Witness the imperial city of Vijayanagara at India Habitat Centre this weekend
The film Imperial City of Vijayanagara is part of the series of documentaries ‘Spectacular India’, produced by Art Historian, Filmmaker and Photographer Benoy K Behl for Doordarshan. India Habitat Centre, New Delhi is showing this film and holding a talk on it under its Glimpses of Culture series on September 24, at 6pm. Behl tells us more about the city of Vijayanagara:
The Vijayanagara Empire emerged in the mid-14th century and soon encompassed most of South India, from coast to coast. By the mid-15th century, the kingdom stretched from North Karnataka to Kerala and from the Malabar Coast to Orissa.
At Hampi, on the banks of the Tungabhadra river, was made the imperial capital Vijayanagara or The City of Victory. It was one of the greatest metropolises of India, in fact of the entire medieval world. Foreign travelers who came to the city could scarcely believe what their eyes saw.
Today, the ruins of Hampi are cover 30 square kilometers and over 500 monuments have been identified. One can imagine what a glorious sight met Abdur Razzak an ambassador of Persia, when he visited Vijayanagara during the reign of Deva Raya II at the end of 1442. He said, “The City of Vijayanagara is such that the pupil of the eye has never seen a place like it, and the ear of intelligence has never been informed that there existed anything equal to it in the world.”
A vibrant culture was created in Vijayanagara. From the 14th to the 16th centuries, Hampi was one of the most prosperous cities in the world. People of different countries rubbed shoulders with each other in market places here. Portuguese merchants brought the best horses from Arabia, diamonds came here from Golconda and textiles and spices flowed here from all corners. This was one of the most thriving and cosmopolitan places in the world.
In the words of Domingo Paes a Portuguese visitor in Vijayanagara between 1520-22, “The size of this city I do not wish to write here, because it cannot all be seen from any one spot, but I climbed on a hill whence I could see a great part of it…What I saw from thence seemed to me as large as Rome and very beautiful to the sight…”
“The people in this city are countless in number, so much so that I do not wish to write it down for fear it should be thought fabulous…This is the best provided city in the world…” Domingo Paes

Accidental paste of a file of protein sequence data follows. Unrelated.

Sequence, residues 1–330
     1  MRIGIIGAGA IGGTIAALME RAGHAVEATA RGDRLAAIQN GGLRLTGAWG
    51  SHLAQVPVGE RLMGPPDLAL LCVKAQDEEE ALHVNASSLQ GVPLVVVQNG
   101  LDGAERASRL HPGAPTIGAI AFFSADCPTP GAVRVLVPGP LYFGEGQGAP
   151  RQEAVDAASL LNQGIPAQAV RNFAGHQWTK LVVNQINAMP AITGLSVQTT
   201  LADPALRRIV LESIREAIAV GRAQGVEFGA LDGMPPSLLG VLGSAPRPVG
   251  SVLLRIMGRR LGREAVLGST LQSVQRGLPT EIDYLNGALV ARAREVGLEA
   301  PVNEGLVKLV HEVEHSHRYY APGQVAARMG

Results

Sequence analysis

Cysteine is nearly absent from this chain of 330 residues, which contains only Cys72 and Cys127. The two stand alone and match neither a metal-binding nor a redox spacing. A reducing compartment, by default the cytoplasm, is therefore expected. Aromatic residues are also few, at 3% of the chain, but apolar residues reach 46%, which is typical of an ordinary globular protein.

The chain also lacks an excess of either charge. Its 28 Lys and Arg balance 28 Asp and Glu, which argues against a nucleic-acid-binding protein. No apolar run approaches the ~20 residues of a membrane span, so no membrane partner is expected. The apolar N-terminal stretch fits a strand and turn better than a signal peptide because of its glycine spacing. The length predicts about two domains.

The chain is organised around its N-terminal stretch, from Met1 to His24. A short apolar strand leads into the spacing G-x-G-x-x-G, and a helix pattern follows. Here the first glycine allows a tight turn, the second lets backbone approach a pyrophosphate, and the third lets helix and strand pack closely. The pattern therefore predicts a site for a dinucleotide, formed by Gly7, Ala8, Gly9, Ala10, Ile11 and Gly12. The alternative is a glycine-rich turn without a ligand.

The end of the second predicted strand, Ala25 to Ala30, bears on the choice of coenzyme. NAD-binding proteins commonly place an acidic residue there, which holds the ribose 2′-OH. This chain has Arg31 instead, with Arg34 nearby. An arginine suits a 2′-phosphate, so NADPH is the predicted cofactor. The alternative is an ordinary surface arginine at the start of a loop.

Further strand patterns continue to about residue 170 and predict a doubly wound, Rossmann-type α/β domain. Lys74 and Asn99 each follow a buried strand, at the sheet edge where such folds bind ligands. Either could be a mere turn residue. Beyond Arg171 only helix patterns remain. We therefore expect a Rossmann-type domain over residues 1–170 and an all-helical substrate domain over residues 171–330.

“In this city you will find men belonging to every nation and people, because of the great trade which it has and the many precious stones there, principally diamonds.” Domingo Paes
“…You will find all sorts of rubies, and diamonds and emeralds and pearls and seed pearls and cloths and every other sort of thing there is on earth and that you may wish to buy. Then you have there every evening a fair where they sell many common horses…” Domingo Paes
Abdur Razzak said about the market places, “Roses are sold everywhere. These people could not live without roses, and they look upon them as quite as necessary as food…Each class of men belonging to each profession has shops contiguous the one to the other; jewelers sell publicly in the bazaars pearls, rubies, emeralds, and diamonds.”
Duarte Barbosa, also from Portugal wrote of Hampi in 1518, “The streets and squares are very wide. They are constantly filled with an innumerable crowd of all nations and creeds…there is an infinite trade in this city…in this city there are many jewels which are brought from Pegu and Ceylon, and in the country itself many diamonds are found…There are also many pearls and seed pearls to be found there, which are brought from Ormuz and Cael…also silk-brocades, scarlet cloth and coral…”
The Portuguese visitor was very impressed by the ceremonial wooden rathas which he saw near the great temples of Hampi. “Close to the pagodas is a triumphal car covered with carved work and images, and on one day in each year during a festival they drag this through the city in such streets as it can traverse. It is large and cannot turn corners.” Domingo Paes
The Vijayanagara Empire depended for its great military might upon its cavalry. Horses remained exceedingly important to the kings of Vijayanagara. The Portuguese who captured Goa in 1510 became the principal suppliers of Arabian horses to the kings of Vijayanagara.
Varthema an Italian traveler, who visited Hampi in 1506, writes, “The king keeps up constantly 40,000 horsemen and 400 elephants. …(The king’s horse) is worth more than some of our cities on account of the ornaments which it wears.”
The joyous and exuberant life of the prosperous city of Hampi comes alive in the exquisite friezes of the Mahanavami Dibba. Here we see a lively dancer and musician.
The rich cosmopolitan culture of Hampi is reflected in the many low-relief friezes, which present a detailed and unique record of the life of the great city.
The fabulous wealth and prosperity of the Vijayanagara empire is captured in Domingo Paes’ description of noble women whom he saw, dressed up for a festive occasion: “Who is he could tell of the costliness and the value of what each of these women carries on her person? So great is the weight of the bracelets and gold and jewels carried by them that many of them cannot support them and women accompany them, assisting them by supporting their arms.”